Focus areas

Web page | 29 July 2021
The Network works to develop and scale innovations that support skills development for employability of workers, productivity of enterprises and promoting social justice. The Network primarily focuses on eight key areas that are crucial to achieving its mission:

1. Apprenticeships and Work Based Learning

Apprenticeships mean any system by which an employer undertakes by written or verbal contract to employ a young person and to train him (or her) or have him (or her) trained systematically for a trade for a period the duration of which has been fixed in advance and in the course of which the apprentice is bound to work in the employer’s service.

Work based learning refers to all forms of learning that takes place in a real work environment. Apprenticeships (formal and informal), internships/traineeships and on-the-job training are the most common types of work based learning

2. Assessment, Certification and recognition of Skills

Assessment and certification are the key processes by which an individual’s knowledge, skills and attitudes are evaluated and formally recognised against a predetermined standard. The assessment and certification of skills formally recognises that a person is able to perform a defined job or occupation, resulting in the award of a credential which gives formal recognition of skills acquired. Recognition of skills is a process used to identify, assess and certify knowledge, skills and competencies – regardless of how, when or where the learning occurred – against prescribed standards of part (modular) or a full qualification.

3. Career, Entrepreneurship and Employment Services

Individual careers increasingly involve a combination of part time and full time employment, self-employment and volunteering across various job roles in different sectors. In today’s dynamic labour markets, career guidance, employment support services and lifelong learning to support more frequent career transitions is a growing need. Entrepreneurialism has become an important skill, both for self-employment and active career management. Public and private employment services are one of the major conduits for implementing employment and labour market policies. Strong employment services play a key role in job matching, enhancing employability, addressing skills mismatches and linking support directly to employers and workers through a variety of programmes.

4. Data and Analysis for Skills Development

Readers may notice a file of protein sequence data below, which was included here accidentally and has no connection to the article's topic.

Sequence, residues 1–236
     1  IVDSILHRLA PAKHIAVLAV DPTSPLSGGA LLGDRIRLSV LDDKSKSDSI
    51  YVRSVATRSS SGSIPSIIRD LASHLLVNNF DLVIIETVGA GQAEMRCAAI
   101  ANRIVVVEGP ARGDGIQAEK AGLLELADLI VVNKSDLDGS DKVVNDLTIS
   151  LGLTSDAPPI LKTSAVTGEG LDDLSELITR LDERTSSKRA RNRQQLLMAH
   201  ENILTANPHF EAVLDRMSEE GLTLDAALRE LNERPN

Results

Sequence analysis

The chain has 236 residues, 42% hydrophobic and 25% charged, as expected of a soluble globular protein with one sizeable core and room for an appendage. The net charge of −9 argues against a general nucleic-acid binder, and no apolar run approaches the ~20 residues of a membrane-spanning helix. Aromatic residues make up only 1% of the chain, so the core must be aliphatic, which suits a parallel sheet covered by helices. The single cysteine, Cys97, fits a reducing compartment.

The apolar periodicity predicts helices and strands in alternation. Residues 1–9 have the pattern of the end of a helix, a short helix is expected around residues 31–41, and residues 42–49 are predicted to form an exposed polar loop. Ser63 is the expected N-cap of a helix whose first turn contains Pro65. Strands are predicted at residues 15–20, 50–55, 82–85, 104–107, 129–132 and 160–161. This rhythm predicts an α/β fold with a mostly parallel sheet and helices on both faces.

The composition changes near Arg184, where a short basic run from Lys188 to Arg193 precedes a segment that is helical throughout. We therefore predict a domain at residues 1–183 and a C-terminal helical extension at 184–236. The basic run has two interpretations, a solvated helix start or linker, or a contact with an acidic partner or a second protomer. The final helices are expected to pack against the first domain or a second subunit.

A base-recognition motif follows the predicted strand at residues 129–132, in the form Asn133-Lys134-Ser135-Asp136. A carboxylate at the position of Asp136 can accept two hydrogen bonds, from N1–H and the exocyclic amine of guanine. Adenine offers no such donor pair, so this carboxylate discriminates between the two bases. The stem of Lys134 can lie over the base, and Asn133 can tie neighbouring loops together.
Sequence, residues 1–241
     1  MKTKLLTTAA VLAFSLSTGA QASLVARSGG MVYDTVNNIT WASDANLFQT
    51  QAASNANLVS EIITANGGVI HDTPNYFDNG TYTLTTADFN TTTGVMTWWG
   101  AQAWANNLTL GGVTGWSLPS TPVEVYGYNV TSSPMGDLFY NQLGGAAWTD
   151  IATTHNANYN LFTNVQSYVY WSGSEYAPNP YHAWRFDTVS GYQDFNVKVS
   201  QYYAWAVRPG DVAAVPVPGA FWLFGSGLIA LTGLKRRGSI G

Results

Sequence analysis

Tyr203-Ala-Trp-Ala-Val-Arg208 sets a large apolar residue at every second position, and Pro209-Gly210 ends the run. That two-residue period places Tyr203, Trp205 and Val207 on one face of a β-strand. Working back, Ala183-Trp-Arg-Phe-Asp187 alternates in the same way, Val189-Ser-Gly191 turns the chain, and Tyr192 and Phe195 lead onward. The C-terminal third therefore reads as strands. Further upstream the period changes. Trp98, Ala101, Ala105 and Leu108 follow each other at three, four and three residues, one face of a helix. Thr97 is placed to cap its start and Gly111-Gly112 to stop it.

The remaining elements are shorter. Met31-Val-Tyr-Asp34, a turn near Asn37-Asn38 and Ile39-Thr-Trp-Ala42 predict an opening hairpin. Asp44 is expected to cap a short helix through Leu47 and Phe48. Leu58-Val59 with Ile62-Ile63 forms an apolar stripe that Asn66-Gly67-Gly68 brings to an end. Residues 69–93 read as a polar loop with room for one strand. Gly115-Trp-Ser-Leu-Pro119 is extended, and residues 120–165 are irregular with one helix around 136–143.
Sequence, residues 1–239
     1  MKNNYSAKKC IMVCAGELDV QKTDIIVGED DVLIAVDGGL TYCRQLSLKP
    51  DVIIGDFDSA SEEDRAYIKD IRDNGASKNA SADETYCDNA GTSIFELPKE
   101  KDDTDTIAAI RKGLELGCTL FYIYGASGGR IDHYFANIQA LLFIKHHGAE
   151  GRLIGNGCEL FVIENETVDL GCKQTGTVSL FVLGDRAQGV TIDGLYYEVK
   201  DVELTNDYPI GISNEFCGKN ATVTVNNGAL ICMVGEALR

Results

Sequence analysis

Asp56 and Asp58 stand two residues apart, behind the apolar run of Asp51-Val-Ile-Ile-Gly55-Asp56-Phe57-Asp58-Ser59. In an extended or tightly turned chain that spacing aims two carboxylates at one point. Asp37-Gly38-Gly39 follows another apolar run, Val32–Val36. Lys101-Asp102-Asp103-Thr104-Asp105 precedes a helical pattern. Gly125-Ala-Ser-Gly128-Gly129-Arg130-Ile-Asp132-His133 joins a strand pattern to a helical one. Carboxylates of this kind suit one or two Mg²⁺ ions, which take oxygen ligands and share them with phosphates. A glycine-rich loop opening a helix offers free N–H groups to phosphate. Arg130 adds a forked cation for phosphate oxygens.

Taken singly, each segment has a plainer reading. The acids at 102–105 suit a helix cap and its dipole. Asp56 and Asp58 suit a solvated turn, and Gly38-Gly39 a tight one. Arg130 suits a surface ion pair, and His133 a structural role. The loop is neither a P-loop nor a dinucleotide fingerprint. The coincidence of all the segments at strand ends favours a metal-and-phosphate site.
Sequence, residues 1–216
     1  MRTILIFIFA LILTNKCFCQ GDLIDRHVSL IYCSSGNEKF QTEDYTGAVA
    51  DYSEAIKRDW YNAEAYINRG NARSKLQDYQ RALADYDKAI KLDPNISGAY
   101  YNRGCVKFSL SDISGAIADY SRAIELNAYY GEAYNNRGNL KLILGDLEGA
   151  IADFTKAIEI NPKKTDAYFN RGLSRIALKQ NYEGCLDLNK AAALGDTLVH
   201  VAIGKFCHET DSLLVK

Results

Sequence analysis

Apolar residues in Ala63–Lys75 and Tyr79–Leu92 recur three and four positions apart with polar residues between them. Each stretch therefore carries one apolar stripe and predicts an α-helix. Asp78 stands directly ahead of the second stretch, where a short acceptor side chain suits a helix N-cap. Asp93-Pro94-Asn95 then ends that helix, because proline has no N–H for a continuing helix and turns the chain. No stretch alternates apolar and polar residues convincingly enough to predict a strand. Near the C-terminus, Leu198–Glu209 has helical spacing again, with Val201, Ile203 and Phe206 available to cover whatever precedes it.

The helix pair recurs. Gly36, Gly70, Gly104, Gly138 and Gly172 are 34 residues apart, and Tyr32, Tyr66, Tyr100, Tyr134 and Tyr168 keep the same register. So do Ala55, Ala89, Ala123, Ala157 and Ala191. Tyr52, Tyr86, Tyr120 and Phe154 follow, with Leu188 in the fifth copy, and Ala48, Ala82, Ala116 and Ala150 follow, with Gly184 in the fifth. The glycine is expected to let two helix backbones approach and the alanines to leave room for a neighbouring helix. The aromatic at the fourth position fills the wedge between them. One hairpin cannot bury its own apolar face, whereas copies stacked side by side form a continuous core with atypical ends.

Skill systems require labour market intelligence and data to understand the skills in demand and to develop and implement program and policy responses. Forecasting and anticipation of skills in demand at national or sectoral level will help create the necessary feedback loops to provide evidence to inform strategies, policies and programmes on skills development. Data on key performance indicators and outcomes are central to measuring the effectiveness and efficiency of skills systems. With a systematic approach to the collection, analysis and use of data, government and employers’ and workers’ organisations can strengthen labour market and management information systems.

5. Industry-institute linkages, Clusters and Skills Ecosystems

Strong linkages between education and training providers and enterprises are at the heart of effective skills systems. Providers should develop strong local partnerships that connect their products, services and learners with enterprises and employers. How skills are used in the workplace and how businesses engage with the local skills ecosystem are important factors that shape the real demand for skills. Skills policy and programmes should also link with efforts to support innovation and growth of workplace and industry through an integrated skill ecosystem.

6. Sectoral Approaches

Sectoral approaches allow education and training stakeholders to understand and respond more effectively to a sectors’ skill needs. They are a means of connecting national systems, policies and programs with the specific challenges and demands of individual economic sectors. It allows institutional arrangements, such as sector skills bodies, which bring together employers’ and workers’ organizations, education and training providers, research institutions, development agencies, regulatory bodies, and other stakeholders to create and develop coordinated strategies to effectively respond to the specific needs of each sector.

7. Training Delivery

The delivery of training is central to any skill system and there is considerable scope for innovation. Courses and programmes should be accessible to a wide range of learners and be delivered through quality pedagogy, using tools, equipment and methods used in industry. Experiential and work based learning is an increasingly important element for the development of professional skills and competencies. Through flexible scheduling and options for modular and micro learnings with the use of digital technologies, training should be more accessible and relevant to the needs of every individual in both formal and informal economies.

8. Social Inclusion

Increasing opportunities and improving quality of work for those disadvantaged in the labour market is a key element of effective skill systems. Concerted and focused efforts are needed to improve outreach, quality and relevance of education and training, and strengthen their links to the world of work. Given the heterogeneity of disadvantaged groups, such as women, youth, persons with disabilities, migrants or refugees, and workers in rural areas or in the informal economy, education and training systems and programmes need to overcome the range of existing barriers through carefully designing policy intervention; responding flexibly to different needs, and addressing structural challenges including social perceptions.